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As an agency that deals with customers’ personal information, such as their financial or contact details, you take on a risk when you store such data. If there is a privacy breach, your business must deal with the consequences. Therefore, you need to take due care when considering how long you keep customers’ personal data. You can only keep personal information as long as it is serving its intended purpose. Otherwise, you could be breaching your legal obligations. This article will highlight some important aspects to consider when determining how long you should keep customer data.

Personal Data and Its Purpose

When you collect personal information, you must do so with a specific purpose in mind, and it must connect to business functioning. You need to inform customers of this purpose, and you cannot use information outside of this without justification. You need to know this purpose prior to collection in order to only collect the information you actually need.

For example, you may collect customers’ physical addresses to deliver products to them. You cannot then use these addresses to send customers marketing pamphlets without their consent.

Where possible, limit the data you collect to only that which is absolutely necessary. The more unnecessary information you have, the more you have to store and keep up to date. There is also a greater volume of information to lose in the event of a data breach.

Keeping Data for as Long as Necessary

New Zealand privacy law does not specify a minimum timeframe that you must keep information for most kinds of personal information. However, the Privacy Act requires that your business does not keep personal information for any longer than you need it for its intended lawful purpose.

Therefore, when considering how long you need to keep certain kinds of customer data, you need to determine whether it is still fulfilling its intended purpose. If not, you should securely dispose of it. Ensure that you have a clear metric for deciding whether the information is still necessary, and apply this to data across your business.

For example, say that a customer moves house and they inform you of their updated address. You have no further need for their old address, so you should delete that information from their file.

Retention Requirements for Particular Kinds of Information

However, other New Zealand laws may require you hold on to particular kinds of information for a set period. This may apply to information regarding;

For example, if you are a health agency, you must keep any health records that you hold for a patient for ten years from the last instance of providing services for that patient. However, this does not apply where you have transferred these health files to the patient or their new healthcare provider.

Therefore, if you deal with this kind of information, you must be aware of any special requirements related to its retention. Ensure that you store this data securely, with protection measures that are proportionate to its sensitivity.

Data Breaches

The more data you keep, the more data there is to lose in the event of a data breach. A data breach occurs when an authorised person has accessed, misused, or lost any information that you hold. You will lose customer trust should a breach happen and you do not deal with it appropriately. There may also be legal consequences depending on breach severity and whether you complied with your reporting requirements under New Zealand law.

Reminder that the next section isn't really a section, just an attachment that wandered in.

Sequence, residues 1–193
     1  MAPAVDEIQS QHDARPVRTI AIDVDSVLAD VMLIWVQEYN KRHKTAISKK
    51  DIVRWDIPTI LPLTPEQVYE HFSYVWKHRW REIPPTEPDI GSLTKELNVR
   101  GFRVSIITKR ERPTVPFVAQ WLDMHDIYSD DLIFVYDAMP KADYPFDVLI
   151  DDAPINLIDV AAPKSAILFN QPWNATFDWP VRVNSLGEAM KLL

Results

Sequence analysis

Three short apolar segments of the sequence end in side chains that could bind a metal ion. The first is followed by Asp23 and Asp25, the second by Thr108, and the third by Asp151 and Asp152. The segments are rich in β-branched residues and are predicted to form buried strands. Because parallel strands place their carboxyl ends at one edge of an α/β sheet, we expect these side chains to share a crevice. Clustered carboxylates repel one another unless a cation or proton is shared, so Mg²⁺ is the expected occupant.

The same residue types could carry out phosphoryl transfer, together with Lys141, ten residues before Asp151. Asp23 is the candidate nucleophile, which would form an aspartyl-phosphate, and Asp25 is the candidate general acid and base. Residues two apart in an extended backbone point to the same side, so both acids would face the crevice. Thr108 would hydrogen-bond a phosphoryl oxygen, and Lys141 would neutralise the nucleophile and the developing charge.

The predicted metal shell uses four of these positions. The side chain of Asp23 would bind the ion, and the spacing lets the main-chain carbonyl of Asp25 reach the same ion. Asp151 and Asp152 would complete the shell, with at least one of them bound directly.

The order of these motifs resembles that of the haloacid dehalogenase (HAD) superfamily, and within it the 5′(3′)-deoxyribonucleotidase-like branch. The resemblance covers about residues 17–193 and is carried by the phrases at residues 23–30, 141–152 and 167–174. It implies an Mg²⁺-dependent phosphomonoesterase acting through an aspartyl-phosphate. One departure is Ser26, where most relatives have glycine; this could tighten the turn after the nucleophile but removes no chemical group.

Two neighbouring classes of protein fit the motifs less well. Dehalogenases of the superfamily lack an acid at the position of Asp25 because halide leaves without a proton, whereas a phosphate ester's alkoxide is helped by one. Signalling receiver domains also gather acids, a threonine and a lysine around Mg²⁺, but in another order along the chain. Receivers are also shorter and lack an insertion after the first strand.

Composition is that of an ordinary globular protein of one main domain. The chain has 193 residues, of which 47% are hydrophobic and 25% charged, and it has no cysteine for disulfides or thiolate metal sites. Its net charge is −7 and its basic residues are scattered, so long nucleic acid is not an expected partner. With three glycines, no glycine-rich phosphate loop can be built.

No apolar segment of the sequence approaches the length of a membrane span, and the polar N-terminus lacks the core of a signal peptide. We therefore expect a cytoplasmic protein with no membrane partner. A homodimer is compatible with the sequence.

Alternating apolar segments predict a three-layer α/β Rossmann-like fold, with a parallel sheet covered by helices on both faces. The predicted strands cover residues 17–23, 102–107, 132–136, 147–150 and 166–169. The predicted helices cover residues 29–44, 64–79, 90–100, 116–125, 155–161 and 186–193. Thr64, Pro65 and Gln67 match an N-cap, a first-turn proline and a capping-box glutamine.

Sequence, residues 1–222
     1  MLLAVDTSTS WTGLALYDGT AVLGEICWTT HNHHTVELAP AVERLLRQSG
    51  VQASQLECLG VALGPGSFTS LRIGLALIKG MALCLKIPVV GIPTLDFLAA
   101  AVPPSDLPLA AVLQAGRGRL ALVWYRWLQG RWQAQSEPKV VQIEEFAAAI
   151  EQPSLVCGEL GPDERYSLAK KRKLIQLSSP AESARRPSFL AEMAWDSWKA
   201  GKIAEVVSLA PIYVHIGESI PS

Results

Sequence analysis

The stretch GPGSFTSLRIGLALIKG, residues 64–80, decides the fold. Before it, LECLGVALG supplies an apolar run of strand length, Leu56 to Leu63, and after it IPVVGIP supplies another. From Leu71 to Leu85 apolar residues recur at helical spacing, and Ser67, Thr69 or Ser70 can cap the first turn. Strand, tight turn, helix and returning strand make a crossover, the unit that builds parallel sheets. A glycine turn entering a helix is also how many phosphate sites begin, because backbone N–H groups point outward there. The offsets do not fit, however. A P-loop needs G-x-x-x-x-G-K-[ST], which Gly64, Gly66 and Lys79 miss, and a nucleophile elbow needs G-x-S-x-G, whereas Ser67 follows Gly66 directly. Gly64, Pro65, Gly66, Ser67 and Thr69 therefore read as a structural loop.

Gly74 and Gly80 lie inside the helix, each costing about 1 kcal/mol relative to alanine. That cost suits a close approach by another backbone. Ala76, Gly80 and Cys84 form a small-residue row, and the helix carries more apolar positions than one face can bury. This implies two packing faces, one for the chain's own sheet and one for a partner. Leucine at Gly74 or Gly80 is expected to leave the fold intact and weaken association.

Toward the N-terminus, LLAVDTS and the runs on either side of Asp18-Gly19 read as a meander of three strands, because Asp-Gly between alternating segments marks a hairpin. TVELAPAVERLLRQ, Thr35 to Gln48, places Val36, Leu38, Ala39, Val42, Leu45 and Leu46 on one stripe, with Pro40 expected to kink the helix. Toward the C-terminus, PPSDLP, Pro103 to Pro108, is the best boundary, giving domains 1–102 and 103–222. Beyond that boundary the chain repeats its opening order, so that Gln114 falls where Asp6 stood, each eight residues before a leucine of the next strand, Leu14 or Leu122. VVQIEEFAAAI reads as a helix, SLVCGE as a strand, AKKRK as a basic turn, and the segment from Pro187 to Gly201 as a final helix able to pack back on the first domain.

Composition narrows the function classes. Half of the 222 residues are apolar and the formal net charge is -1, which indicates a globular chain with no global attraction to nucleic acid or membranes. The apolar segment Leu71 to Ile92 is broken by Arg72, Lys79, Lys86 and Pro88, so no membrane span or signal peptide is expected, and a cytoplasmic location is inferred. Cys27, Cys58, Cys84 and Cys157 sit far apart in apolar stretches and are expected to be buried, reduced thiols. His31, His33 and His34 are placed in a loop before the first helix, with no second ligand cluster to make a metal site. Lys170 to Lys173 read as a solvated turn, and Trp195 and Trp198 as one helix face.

Therefore, when considering how long you should keep customer data, you need to consider whether you are adequately mitigating this risk. Ensure that you have adequate security systems for your data and only authorised staff members can access customers’ personal information. 


When you decide to dispose of customer data that you do not need anymore, you must do so securely. You need to ensure that once you have deleted this information, it is gone forever, and no one else can retrieve or access it. 

For example, this would include shredding physical documents to be unreadable or wiping hard drives and backups.

Key Takeaways

If your customer data does not identify them in any way, then in most cases, there are no specific requirements for how long you should keep that data. However, if your customer data does identify them, then it qualifies as personal information. You can only keep personal information as long as it fulfils its intended purpose, and you must not store it for longer than necessary. The more information you hold also increases the risk of information lost in a data breach, so you should consider that too. If you would like more information or help with your business’ data retention requirements, contact LegalVision’s data, privacy, and IT lawyers on 0800 005 570 or fill out the form on this page.

Frequently Asked Information

What is personal information?

Personal information is any data that can identify a living individual, such as their names or email addresses. This kind of information has special requirements for you how you should handle it.

How long should I keep customer data for?

If your customer information can identify that customer, you can only keep it for as long as it fulfils its intended purpose, and no longer. However, some data will have specific requirements for how long you need to retain it, such as employee records.

Can I dispose of information I do not need anymore?

Generally, you can dispose of information you no longer need, as long as you do it in a secure fashion. However, some information has specific retention requirements, such as health records.

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